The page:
Maria AngelineMaria Angeline is busy. She spends her day writing, reading and editing. She is best known for publishing, an award-winning news blog for the LGBT community. She’s also young (compared to me) and carries some hefty financial responsibilities as you learn by reading below. She cites the typical struggles of a twenty-something that are magnified by her career choice as a freelance writer and therefore earning freelance income. All this makes for a candid and touching interview about money, relationships and experience that is not so typical for someone her age.

1. Last year, Daily Dose of Queer won Best LGBT News Blog by the Verve Awards. In your posts, we get to read colorful tidbits about celebrities. Since you write about the rich and famous, do you believe that money leads to happiness?
Nope, not at all. I think that money can give you options and freedom, but, standing alone, I don’t think money can grant a person happiness. I’d say that most people I’ve known who could be labeled as rich were a lot less happy than others, actually. I’ve read that after people have enough money to live comfortably, additional money has no effect on how happy they feel. That makes sense to me.

And speaking of awards, Daily Dose of Queer is a 2007 Bloggies finalist. Please get your vote in while you can before 10:00 PM EST on Friday, February 2nd!

2. What is your most significant memory about money?
I have many really powerful memories about money. One that sticks out right now is not being able to afford my father’s funeral services when he died two years ago. We emptied every account we had and still had to borrow money to make his funeral happen. Not having a lot of money means not being able to be prepared, even for tragedies.

3. You recently launched the Carnival of Shoes and Bags so I gather that you like to shop. How do you strike a healthy balance between good style and frugal spending?
I’m not sure this is “healthy”, but if I want something really badly, I’ll cut back spending in another department. And, yes, I do mean that I’ve spent $300 on shoes and very little on food in the past (although it’s been a very long time since I’ve been able to behave that way). I’m not ashamed to admit that.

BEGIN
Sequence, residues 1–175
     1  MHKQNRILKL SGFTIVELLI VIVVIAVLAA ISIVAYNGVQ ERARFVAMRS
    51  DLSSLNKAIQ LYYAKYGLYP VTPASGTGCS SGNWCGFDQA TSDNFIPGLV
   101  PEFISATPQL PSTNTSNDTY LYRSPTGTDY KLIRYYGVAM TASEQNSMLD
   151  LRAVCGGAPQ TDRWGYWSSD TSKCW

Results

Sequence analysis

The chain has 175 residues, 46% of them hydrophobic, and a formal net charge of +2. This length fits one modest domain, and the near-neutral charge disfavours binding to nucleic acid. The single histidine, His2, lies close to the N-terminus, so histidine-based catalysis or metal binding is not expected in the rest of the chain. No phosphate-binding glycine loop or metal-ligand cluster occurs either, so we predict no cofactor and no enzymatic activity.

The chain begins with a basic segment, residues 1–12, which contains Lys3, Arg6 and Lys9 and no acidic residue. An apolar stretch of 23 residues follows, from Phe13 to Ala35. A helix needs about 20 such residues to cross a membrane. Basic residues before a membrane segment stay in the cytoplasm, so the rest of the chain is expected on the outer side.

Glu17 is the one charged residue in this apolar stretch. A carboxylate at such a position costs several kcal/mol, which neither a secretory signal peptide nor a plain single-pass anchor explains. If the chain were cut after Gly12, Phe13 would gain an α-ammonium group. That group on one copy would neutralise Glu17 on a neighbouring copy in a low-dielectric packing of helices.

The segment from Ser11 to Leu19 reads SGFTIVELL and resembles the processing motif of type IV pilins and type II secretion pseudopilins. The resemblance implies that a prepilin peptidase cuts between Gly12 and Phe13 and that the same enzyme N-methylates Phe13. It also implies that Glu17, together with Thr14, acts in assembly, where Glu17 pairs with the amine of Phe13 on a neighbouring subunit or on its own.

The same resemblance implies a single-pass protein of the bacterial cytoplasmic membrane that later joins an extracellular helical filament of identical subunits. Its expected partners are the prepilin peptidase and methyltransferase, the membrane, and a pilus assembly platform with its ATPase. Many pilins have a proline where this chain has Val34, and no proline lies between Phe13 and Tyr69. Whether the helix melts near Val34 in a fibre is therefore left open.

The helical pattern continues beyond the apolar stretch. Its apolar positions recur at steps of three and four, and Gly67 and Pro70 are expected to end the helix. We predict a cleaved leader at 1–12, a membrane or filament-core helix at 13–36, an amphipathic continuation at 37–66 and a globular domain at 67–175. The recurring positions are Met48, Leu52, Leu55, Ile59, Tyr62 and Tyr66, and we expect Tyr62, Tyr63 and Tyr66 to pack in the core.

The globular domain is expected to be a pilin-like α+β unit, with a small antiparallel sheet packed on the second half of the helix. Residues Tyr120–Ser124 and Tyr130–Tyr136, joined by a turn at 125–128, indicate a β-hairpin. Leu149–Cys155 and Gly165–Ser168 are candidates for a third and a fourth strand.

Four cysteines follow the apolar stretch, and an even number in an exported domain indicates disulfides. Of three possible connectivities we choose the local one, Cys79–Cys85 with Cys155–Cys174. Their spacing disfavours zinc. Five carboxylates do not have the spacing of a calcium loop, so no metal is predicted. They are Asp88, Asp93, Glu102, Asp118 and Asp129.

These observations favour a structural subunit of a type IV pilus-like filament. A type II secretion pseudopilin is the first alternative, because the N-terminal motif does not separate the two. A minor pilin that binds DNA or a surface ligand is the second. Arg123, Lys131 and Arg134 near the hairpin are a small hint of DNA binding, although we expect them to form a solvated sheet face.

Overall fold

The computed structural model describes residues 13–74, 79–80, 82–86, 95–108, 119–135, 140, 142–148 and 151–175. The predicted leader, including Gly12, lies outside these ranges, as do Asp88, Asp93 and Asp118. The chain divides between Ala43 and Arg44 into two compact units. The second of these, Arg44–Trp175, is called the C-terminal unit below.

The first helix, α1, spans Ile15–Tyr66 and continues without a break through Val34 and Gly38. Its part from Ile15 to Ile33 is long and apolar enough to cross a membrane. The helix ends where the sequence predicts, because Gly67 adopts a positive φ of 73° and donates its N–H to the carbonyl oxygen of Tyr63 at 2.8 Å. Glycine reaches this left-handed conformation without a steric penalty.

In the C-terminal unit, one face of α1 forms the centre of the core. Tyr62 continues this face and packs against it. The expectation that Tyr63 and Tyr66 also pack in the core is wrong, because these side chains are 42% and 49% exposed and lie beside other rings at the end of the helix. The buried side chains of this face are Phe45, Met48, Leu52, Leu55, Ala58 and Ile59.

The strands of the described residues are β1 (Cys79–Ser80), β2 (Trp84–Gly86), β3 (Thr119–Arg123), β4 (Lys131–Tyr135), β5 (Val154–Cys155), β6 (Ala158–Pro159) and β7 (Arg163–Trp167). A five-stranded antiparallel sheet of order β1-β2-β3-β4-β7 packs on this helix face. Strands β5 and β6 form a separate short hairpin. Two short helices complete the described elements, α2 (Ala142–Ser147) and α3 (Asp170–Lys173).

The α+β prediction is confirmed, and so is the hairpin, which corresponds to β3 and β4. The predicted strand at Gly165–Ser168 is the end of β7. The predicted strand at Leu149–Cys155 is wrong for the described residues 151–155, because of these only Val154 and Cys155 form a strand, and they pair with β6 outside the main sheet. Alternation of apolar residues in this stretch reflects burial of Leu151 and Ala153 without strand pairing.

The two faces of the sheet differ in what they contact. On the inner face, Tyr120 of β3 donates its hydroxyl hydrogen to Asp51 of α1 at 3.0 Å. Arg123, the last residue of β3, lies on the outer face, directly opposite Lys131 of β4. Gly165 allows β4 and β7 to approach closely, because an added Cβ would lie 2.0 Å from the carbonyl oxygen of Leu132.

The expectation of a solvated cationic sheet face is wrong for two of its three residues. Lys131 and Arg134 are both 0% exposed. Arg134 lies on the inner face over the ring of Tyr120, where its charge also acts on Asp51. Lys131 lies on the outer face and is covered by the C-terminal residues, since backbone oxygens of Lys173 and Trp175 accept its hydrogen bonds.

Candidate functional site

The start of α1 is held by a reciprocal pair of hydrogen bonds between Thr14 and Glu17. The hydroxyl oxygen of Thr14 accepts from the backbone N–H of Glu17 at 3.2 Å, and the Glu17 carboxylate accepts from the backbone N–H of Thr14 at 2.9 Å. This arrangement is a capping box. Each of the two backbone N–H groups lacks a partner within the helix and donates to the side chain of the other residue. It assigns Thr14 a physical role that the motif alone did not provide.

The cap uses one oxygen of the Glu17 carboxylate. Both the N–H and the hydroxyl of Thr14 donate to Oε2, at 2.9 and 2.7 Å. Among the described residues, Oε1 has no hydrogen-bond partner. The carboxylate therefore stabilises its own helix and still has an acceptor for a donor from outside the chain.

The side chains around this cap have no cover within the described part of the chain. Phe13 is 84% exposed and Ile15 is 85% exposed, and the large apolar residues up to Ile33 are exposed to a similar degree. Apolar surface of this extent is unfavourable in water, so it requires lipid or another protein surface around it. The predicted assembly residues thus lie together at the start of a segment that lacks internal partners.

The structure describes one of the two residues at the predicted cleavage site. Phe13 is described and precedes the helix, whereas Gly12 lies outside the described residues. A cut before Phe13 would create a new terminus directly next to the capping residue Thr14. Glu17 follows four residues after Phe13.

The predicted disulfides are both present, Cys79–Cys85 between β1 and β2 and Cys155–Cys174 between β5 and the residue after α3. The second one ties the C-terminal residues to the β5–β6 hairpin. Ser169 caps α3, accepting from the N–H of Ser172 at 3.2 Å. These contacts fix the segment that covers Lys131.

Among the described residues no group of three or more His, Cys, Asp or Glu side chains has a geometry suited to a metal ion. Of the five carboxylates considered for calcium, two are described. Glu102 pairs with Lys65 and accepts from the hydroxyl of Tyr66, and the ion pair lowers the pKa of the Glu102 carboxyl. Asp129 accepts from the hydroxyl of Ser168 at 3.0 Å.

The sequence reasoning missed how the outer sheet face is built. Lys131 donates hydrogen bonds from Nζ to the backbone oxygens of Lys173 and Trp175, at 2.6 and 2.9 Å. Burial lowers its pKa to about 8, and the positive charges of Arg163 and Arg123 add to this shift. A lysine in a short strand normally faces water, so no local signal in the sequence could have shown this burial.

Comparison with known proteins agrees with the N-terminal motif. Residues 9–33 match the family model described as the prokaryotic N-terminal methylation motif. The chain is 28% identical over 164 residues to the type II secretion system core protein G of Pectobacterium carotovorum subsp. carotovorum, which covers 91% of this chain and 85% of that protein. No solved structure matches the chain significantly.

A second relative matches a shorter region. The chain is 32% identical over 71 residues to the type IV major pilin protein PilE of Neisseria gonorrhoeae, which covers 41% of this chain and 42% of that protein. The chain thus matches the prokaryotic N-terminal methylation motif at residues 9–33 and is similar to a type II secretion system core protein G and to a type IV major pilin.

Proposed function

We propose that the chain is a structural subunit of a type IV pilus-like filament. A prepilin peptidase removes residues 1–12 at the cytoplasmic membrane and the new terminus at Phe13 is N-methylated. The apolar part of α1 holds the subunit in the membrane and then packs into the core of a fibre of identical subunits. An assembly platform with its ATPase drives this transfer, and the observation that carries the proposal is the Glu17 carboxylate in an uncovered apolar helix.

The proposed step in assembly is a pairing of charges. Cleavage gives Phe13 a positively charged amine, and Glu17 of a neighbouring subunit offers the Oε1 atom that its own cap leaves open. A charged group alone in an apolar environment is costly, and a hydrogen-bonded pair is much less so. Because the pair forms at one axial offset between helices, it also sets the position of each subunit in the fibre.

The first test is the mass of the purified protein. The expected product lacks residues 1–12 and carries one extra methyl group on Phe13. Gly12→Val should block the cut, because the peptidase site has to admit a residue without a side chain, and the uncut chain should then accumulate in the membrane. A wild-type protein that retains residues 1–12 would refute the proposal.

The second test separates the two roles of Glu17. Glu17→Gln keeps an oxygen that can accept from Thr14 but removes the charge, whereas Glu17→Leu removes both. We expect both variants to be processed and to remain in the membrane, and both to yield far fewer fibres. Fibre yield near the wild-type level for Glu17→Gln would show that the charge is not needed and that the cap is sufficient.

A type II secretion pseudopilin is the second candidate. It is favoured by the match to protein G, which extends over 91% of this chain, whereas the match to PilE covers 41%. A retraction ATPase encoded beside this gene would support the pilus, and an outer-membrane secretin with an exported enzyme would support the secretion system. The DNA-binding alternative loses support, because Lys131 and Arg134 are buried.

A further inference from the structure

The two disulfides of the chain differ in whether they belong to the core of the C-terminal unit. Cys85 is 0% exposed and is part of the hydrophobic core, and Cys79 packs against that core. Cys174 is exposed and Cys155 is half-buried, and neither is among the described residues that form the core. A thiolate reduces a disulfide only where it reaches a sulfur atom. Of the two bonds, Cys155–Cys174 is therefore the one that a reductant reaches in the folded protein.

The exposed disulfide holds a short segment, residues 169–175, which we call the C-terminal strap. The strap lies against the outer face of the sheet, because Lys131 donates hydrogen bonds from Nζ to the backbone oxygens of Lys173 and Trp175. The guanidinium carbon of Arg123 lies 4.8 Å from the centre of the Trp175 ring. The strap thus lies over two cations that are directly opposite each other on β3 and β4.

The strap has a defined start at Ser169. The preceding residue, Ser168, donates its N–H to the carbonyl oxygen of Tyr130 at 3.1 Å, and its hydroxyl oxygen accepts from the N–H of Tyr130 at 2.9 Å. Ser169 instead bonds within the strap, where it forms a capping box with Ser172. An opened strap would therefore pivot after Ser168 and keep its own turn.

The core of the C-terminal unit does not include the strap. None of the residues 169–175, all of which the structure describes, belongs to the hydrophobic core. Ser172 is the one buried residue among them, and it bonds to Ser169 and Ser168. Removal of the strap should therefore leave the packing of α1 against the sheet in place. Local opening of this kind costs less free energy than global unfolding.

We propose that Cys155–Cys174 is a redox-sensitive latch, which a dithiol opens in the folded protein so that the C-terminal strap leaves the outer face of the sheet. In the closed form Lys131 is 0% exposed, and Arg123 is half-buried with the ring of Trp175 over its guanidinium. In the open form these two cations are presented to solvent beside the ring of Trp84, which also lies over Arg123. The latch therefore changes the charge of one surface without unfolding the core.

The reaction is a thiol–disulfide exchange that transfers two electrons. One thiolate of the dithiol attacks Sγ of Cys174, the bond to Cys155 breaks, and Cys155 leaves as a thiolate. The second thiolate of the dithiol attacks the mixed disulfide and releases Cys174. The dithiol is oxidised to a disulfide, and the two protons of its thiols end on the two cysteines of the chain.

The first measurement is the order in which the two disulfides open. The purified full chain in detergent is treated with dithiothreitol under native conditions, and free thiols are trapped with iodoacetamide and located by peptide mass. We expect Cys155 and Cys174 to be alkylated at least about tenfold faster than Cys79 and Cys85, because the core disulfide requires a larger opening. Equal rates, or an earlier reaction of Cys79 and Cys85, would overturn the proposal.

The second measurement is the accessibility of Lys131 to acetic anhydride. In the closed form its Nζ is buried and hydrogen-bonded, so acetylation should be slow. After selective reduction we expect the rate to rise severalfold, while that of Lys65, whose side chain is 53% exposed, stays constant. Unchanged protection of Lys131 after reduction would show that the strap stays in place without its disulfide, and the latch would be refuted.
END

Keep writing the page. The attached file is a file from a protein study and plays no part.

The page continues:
Don’t get me wrong, though. I have some great bags from Target.

4. What is your worst habit around finances?
I call it financial passing. I’ve made some really bad financial mistakes trying to make it seem like I have more money than I do. I’ve tried to pass as someone who has as much money as, and who can have the lifestyle of, people around me.

5. It was mentioned privately that you currently are your mother’s caretaker. I suspect this requires a lot of energy but it also must be a huge financial responsibility. How are you coping with this experience?
Right now I just wake up every day and do it. There are a lot of mixed feelings that come with caretaking at my age (26). My peers aren’t doing this… most people never have to even think about caring for a parent until their forties or fifties. A friend of mine recently said that there is shame that comes from doing things your peers do not do. I definitely agree with that. Sometimes I feel like I’m losing my 20s, and other times, when I’m feeling optimistic and strong, I feel that this experience is an asset.

It’s hard work, and it’s an unpaid position. It’s an invisible job, something that is expected of you as a child – especially of me, as an only child.

6. If you could buy one thing right now, what would it be?
I wouldn’t buy something… I’d get out of debt. I’d pay off my student loans and be done with them (until I have new ones, of course).

7. Which is more important: how much you make or how you spend it?
I’d say how you spend it because a lot of our time is spent on making money. When the majority of my time can be spent spending, I may feel different.

8. You mentioned in a recent post that you no longer have cable. Why did you cancel your service? Did it have more to do with wasting time or wasting money?
It had nothing to do with wasting time. I would never choose to lose a procrastination option! I only have the most basic cable package right now. I cut down on my service to save money.

9. You do freelance copy writing and editing. Are there any financial issues specific to being a freelance employee that you’ve come across?
Freelance work is a comfortable endeavor when your earnings will be “extra money.” I’d tell anyone who wants to do only freelance work to be cautious. You don’t always know when your next project is coming. But you do know the next time your rent will be due.

Also, insurance for freelancers is very expensive. I’d recommend being careful about what you sign in terms of liability and making your conditions clear in a retainer letter to clients if you cannot afford insurance.

10. Who taught you the value of a dollar?
I can’t say that anyone did. I guess that means experience has, if it’s been successful.

More about Maria Angeline
Maria Angeline runs She is the editor of Queer Shorts and the forthcoming Visible: A Femmethology. Both titles are from Merge Press.

Read other Queercents interviews in the Ten Money Questions archive.